• Open Access English
    Authors: 
    Rachel P. Rosovsky; Kristen M. Sanfilippo; Tzu-Fei Wang; Sandeep K. Rajan; Surbhi Shah; Karlyn Martin; Fionnuala Ní Áinle; Menno V. Huisman; Beverley J. Hunt; Susan R. Kahn; +4 more
    Country: Netherlands

    Abstract Background Best practice for prevention, diagnosis, and management of venous thromboembolism (VTE) in patients with coronavirus disease 2019 (COVID‐19) is unknown due to limited published data in this population. Objectives We aimed to assess current global practice and experience in management of COVID‐19–associated coagulopathy to identify information to guide prospective and randomized studies. Methods Physicians were queried about their current approach to prophylaxis, diagnosis, and treatment of VTE in patients with COVID‐19 using an online survey tool distributed through multiple international organizations between April 10 and 14, 2020. Results Five hundred fifteen physicians from 41 countries responded. The majority of respondents (78%) recommended prophylactic anticoagulation for all hospitalized patients with COVID‐19, with most recommending use of low‐molecular‐weight heparin or unfractionated heparin. Significant practice variation was found regarding the need for dose escalation of anticoagulation outside the setting of confirmed or suspected VTE. Respondents reported the use of bedside testing when unable to perform standard diagnostic imaging for diagnosis of VTE. Two hundred ninety‐one respondents reported observing thrombotic complications in their patients, with 64% noting that the complication was pulmonary embolism. Of the 44% of respondents who estimated incidence of thrombosis in patients with COVID‐19 in their hospital, estimates ranged widely from 1% to 50%. One hundred seventy‐four respondents noted bleeding complications (34% minor bleeding, 14% clinically relevant nonmajor bleeding, and 12% major bleeding). Conclusion Well‐designed epidemiologic studies are urgently needed to understand the incidence and risk factors of VTE and bleeding complications in patients with COVID‐19. Randomized clinical trials addressing use of anticoagulation are also needed.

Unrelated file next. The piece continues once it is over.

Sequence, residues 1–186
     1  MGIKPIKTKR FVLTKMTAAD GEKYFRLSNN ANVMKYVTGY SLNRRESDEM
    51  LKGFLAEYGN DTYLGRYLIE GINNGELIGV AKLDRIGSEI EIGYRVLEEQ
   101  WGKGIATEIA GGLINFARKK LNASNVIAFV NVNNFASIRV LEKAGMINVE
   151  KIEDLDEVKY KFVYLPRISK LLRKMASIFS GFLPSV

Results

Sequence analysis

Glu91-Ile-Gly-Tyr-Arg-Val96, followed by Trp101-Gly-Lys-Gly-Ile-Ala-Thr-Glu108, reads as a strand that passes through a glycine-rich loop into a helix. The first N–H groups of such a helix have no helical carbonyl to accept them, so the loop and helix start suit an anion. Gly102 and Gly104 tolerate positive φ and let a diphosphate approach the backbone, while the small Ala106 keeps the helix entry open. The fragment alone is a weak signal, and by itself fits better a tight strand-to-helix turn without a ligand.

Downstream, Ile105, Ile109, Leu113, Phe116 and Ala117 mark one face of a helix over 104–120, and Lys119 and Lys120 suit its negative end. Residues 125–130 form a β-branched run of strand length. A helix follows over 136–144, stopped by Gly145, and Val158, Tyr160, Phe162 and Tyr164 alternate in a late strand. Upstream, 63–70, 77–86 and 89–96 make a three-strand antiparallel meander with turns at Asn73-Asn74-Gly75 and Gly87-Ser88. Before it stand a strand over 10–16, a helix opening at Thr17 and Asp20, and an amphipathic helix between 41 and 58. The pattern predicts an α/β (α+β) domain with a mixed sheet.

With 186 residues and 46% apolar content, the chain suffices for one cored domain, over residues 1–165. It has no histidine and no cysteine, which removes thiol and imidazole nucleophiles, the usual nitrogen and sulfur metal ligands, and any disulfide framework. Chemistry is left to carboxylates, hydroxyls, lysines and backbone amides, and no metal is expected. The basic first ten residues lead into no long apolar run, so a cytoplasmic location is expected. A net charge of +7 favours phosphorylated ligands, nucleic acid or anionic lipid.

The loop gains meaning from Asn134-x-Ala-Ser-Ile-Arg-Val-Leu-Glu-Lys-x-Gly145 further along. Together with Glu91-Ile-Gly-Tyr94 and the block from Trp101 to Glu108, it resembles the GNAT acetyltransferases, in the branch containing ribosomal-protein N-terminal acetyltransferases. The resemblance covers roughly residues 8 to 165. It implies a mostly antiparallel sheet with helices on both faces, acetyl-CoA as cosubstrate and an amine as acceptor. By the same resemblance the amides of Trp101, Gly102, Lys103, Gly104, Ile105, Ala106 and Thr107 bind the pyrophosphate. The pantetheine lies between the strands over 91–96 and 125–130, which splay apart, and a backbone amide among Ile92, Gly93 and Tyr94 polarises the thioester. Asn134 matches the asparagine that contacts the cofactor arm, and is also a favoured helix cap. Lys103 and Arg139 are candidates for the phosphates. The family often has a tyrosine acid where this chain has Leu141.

• Publication . Article . Other literature type . 2021
    Open Access
    Authors: 
    Hakan Ogutlu; Fiona McNicholas; Hakan Türkçapar;
    Publisher: Medicinska Naklada d.o.o.
    Country: Croatia

    Background Clinicians working in mental health (MH) services seem to be at increased risk of burnout. This study aimed to investigate the stress and burnout levels of psychiatrists working in MH services in Turkey and determine the relationship between stress, workload, and support during the COVID-19 pandemic. Subjects and methods An online questionnaire was sent to child and adult psychiatrists registered with Turkish professional mail groups. 217 psychiatrists replied, with equal numbers from child (n=108) and adult (n=109) MH services. The Copenhagen Burnout Inventory and study-specific questionnaire were used. Results 60.8% of psychiatrists (n=132) experienced medium-or high-intensity work-related burnout, 49.8% (n=108) experienced patient-related burnout, and 31.8% (n=69) experienced medium-or high-intensity personal burnout. Patient-related burnout scores were significantly higher in the child psychiatry group than in the adult psychiatry group. The majority (n=126, 58.1%) reported either moderate or higher stress levels linked to the COVID-19 pandemic. Turnover intention, reluctance to retrain in psychiatry and sense of lack of value in the job are all associated with higher levels of burnout. Conclusions The current COVID-19 pandemic is likely to bring additional stressors to psychiatrists. This study shows that psychiatrists in Turkey already exhibit high levels of work-related stress. Organizational interventions to ameliorate psychiatrists' wellbeing and work conditions are required.